The thyroid, a butterfly-shaped gland in the neck, is a powerful organ. It’s part of the endocrine system, and it plays a huge role in keeping your body’s metabolic hormone levels in line. Simply put, these metabolic hormones are essential for helping cells and tissues throughout your body use energy, and continue running at the right speed.
Despite its role as a major player in cell metabolism, thyroid problems are pretty common. They’re more common in women then men—in fact, one in eight women will develop thyroid problems during her lifetime, according to U.S. Department of Health and Human Services. When the thyroid malfunctions, and starts releasing too few or too many hormones, it can seriously throw off your body’s basic functions, including sleep, reproduction, appetite, and digestion.
There are six main thyroid conditions that can occur:
- Hypothyroidism—underactive thyroid
- Hyperthyroidism—overactive thyroid
- Thyroiditis—inflammation of the thyroid, which can cause over- or underactivity and often presents postpartum
- Goiter—enlarged thyroid, which can cause overactive thyroid
- Thyroid nodules—lumps on the thyroid, which can also cause overactive thyroid
- Thyroid cancer—a rare cancer that may present without symptoms, except for a lump in the neck or soreness
What causes the thyroid to malfunction isn’t exactly known, but it is believed that autoimmune disorders may be to blame in many cases. There also seems to be a genetic link. Pregnancy, high stress levels, and iodine deficiency (which is not something you see in the U.S.) are all connected to thyroid problems as well.
Since the thyroid has far-reaching effects, there are lots of different symptoms that can signal your thyroid is out of whack. Here are the most common ones to look out for.
- You’re gaining weight and can’t seem to lose it no matter what you do.
Gaining weight is one of the biggest signs of hypothyroidism. That’s because when your body doesn’t have sufficient thyroid hormone, metabolism throughout all of your tissues and cells slows down. Slower metabolism means less energy is being burned.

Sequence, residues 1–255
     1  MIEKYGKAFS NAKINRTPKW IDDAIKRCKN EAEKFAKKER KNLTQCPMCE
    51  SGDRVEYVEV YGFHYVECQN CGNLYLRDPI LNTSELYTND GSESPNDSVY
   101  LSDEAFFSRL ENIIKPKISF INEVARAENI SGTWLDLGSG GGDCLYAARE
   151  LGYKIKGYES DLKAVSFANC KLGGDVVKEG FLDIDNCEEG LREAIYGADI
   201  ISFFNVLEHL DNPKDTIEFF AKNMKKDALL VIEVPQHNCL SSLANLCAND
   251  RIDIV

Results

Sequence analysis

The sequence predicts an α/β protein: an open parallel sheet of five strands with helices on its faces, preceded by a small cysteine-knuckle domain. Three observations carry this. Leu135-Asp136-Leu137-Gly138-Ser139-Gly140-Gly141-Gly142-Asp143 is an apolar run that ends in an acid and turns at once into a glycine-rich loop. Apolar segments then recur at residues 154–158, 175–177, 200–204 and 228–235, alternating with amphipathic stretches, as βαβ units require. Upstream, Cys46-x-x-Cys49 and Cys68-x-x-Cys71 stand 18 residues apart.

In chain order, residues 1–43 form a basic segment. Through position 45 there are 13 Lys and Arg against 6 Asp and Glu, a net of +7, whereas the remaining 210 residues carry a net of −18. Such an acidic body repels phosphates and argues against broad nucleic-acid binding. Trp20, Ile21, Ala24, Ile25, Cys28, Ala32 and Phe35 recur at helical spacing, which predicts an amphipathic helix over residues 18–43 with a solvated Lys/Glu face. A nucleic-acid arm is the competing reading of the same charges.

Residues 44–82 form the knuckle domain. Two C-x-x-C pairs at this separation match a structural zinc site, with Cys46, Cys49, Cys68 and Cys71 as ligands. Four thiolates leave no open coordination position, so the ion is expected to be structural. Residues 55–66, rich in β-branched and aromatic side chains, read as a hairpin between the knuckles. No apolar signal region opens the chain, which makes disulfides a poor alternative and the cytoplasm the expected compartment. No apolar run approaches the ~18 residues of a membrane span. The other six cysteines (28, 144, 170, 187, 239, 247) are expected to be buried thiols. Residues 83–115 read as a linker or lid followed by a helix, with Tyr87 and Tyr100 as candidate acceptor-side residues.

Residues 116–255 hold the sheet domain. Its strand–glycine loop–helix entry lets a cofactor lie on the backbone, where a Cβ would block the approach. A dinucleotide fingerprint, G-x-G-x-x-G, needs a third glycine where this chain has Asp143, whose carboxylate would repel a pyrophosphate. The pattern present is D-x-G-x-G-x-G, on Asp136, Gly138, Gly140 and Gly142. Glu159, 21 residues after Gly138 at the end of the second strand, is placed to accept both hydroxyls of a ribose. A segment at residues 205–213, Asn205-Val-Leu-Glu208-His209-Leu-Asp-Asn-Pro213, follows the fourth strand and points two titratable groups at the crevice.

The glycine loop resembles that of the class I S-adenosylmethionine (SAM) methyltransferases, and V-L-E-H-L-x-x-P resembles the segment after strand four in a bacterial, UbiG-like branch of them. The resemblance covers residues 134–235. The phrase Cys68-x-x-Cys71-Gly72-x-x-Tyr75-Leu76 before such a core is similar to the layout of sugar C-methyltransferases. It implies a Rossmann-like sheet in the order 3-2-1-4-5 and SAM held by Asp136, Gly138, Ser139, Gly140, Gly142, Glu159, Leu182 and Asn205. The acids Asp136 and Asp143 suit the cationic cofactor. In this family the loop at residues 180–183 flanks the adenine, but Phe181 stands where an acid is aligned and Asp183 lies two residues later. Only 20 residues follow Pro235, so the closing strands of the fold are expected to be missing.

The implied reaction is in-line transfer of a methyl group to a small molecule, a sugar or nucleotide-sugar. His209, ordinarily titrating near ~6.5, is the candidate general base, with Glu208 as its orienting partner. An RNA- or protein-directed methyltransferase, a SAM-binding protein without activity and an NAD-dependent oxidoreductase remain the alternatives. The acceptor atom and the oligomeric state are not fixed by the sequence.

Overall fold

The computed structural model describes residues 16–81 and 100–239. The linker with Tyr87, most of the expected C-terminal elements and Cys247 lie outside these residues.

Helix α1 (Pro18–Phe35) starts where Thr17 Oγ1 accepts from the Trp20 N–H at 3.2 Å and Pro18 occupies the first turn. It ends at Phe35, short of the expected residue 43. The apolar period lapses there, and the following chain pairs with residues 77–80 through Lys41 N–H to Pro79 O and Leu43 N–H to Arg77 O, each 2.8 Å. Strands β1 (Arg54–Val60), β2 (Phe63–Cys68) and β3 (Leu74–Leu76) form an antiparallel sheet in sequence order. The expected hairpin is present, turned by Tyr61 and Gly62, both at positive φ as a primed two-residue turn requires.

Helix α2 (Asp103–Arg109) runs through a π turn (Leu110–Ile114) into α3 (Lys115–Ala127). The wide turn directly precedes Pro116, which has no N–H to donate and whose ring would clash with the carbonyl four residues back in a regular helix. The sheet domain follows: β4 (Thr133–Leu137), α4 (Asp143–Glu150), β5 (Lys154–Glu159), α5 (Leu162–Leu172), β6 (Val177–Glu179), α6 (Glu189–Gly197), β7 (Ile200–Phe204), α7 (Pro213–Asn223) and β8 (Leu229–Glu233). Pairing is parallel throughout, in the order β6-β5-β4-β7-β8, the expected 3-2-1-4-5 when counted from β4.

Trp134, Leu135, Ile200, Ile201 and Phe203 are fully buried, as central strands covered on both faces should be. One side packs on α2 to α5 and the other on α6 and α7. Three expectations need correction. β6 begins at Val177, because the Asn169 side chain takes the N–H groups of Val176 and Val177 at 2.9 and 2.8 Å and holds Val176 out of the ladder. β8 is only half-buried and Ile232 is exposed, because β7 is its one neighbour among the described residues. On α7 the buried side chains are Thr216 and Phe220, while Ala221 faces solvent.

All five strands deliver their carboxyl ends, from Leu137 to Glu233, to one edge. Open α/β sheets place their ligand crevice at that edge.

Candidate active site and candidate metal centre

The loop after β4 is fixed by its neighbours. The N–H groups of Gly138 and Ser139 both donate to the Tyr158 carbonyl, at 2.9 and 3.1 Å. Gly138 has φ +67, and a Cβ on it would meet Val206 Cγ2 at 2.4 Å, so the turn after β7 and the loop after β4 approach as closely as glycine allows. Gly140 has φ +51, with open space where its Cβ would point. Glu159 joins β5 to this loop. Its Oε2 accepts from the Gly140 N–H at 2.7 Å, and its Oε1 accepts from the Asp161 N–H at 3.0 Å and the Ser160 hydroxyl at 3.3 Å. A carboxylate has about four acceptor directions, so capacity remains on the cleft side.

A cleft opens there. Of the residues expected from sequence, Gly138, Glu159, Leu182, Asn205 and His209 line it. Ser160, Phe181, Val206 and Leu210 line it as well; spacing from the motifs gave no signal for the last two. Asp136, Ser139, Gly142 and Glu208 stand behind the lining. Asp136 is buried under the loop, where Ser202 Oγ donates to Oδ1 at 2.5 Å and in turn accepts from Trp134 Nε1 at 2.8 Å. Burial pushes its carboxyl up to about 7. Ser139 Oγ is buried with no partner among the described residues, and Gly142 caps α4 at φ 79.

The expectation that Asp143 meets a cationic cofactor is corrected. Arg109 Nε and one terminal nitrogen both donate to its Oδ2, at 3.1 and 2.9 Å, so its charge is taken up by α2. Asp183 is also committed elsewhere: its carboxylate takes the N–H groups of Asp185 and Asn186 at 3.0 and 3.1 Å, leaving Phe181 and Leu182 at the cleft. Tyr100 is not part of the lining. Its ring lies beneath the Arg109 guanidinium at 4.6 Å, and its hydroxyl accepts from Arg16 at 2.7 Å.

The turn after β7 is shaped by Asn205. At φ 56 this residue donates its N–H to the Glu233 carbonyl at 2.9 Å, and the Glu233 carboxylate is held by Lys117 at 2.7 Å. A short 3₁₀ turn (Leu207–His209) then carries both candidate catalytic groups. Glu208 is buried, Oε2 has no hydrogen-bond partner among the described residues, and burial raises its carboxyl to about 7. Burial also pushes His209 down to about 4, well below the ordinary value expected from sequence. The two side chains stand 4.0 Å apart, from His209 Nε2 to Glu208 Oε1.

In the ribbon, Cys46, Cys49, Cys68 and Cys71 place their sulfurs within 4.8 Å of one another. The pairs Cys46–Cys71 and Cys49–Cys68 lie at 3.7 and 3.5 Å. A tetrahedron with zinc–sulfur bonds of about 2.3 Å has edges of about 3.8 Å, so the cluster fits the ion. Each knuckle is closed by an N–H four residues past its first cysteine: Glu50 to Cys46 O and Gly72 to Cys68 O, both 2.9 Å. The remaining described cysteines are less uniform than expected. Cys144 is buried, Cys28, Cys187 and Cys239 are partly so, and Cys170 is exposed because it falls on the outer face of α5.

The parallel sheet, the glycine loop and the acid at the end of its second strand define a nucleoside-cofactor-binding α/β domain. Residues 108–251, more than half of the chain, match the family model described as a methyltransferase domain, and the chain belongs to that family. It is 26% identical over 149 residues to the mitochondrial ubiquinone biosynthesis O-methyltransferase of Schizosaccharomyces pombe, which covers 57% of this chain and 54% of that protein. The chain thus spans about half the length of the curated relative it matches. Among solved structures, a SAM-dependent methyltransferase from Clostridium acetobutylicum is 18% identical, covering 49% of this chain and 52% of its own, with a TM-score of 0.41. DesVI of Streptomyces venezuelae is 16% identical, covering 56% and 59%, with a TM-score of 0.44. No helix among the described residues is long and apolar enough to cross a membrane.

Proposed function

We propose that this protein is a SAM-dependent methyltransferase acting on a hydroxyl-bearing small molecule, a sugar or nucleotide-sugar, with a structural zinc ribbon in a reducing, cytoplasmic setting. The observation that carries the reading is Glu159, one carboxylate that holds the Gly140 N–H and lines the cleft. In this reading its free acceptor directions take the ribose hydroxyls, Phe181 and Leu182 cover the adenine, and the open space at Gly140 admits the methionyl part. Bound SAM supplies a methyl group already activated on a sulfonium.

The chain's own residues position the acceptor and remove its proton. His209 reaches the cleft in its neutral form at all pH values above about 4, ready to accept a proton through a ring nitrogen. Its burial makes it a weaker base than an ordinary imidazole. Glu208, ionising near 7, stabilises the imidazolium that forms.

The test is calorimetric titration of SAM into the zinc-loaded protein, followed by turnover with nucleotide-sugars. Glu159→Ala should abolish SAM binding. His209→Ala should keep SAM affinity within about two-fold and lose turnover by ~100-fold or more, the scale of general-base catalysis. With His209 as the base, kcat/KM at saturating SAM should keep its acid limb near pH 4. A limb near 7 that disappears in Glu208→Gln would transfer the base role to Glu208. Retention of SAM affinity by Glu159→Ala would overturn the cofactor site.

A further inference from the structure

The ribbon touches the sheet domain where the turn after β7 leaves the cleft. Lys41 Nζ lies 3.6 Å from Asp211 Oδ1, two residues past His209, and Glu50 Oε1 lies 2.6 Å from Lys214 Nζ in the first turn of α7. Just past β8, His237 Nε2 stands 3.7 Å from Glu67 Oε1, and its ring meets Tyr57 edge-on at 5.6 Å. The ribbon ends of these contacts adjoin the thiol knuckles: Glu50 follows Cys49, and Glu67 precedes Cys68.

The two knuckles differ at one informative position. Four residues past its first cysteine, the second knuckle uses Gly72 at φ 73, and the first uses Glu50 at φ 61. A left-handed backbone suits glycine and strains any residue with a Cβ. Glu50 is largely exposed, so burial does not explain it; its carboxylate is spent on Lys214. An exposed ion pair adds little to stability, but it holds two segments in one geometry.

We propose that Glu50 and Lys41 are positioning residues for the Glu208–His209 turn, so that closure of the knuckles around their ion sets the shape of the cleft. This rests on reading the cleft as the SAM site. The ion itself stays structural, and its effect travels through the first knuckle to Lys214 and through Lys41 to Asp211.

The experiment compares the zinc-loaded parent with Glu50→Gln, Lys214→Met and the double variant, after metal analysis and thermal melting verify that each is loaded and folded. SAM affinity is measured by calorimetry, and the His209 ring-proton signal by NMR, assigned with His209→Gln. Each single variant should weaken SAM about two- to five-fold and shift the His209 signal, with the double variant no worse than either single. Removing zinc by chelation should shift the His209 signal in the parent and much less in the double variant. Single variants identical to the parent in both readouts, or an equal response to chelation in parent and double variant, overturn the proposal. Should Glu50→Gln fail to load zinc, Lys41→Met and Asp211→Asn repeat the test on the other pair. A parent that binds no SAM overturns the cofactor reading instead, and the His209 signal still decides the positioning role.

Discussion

- Or, you’re mysteriously losing weight.
On the other hand, losing weight without trying is a sign of hyperthyroidism, thanks to your body’s amped up metabolism. It basically becomes too efficient for its own good.
Thyroid-related weight gain or loss typically happens gradually, Jason C. Baker, M.D., endocrinologist at Weill Cornell Medicine and New York-Presbyterian, tells SELF, and may not be noticeable at first. If your thyroid problem develops suddenly, the change in your metabolism could be quicker, but usually thyroid conditions are slow-developing, and your weight fluctuations will follow suit.
- Your appetite has changed.
Having an underactive thyroid can also decrease your appetite, since your body is using less energy, and an overactive one may stimulate it. So you may notice you’re eating less but gaining more weight, or vice versa.
- Your period is irregular.
“If a woman’s menstrual cycle is normal and starts to get more frequent and lighter, it can be a sign of an overactive thyroid,” Baker says. “Less frequent and heavier can mean it’s underactive.” Any time regular ovulation is disrupted, it can potentially increase your risk of infertility.
- You’re seriously fatigued or way too wired.
Energy fluctuations, for no apparent reason, are one of the biggest red flags that something’s up with your thyroid. Fatigue, even after getting a good night’s sleep or taking naps, is a sign of hypothyroidism. With less thyroid hormone and a slower metabolism, your body feels sluggish. With hyperthyroidism, you may experience a racing heart and feel jittery, “kind of like you’re too caffeinated,” says Baker. That’s because your thyroid hormone is signaling your body to “go” more than it should.
- Your mood is all over the place.
Imbalances in thyroid hormones can cause your mood to change drastically. “With hypothyroidism, some people feel a little depressed,” Baker says. Research suggests it’s because changes in thyroid function impacts the feel-good chemical seratonin in the brain. Those with hyperthyroidism may experience anxiety, nervousness, or agitation.
- Your skin is dry and your hair is brittle.
When the thyroid is underactive, skin is known to become drier than normal. “We’re not sure why it happens,” Baker says, “but it has to do with overall heath of skin cells and sebaceous glands,” being compromised when the thyroid is underactive. The hair problems, which can also mean hair loss, can happen later after the thyroid has been malfunctioning for some time, so you might not notice the hair changes until later. If your thyroid is overactive, your skin might be noticeably oilier, but hair loss can be a symptom here, too.
- You’re constipated or have diarrhea.
“Sometimes people with underactive thyroid might feel a little constipated,” Baker says. That’s because too little thyroid hormone can slow down digestion. The opposite is true with an overactive thyroid—digestion is stimulated, and can cause more frequent bowel movements or diarrhea.
- You have the chills or are extra sweaty.
Feeling cold all the time can be a sign of hypothyroidism. What you’re experiencing is an effect of slowed metabolism. On the other hand, hyperthyroidism can make you feel hot or frequently sweaty, as your cells are working in overdrive.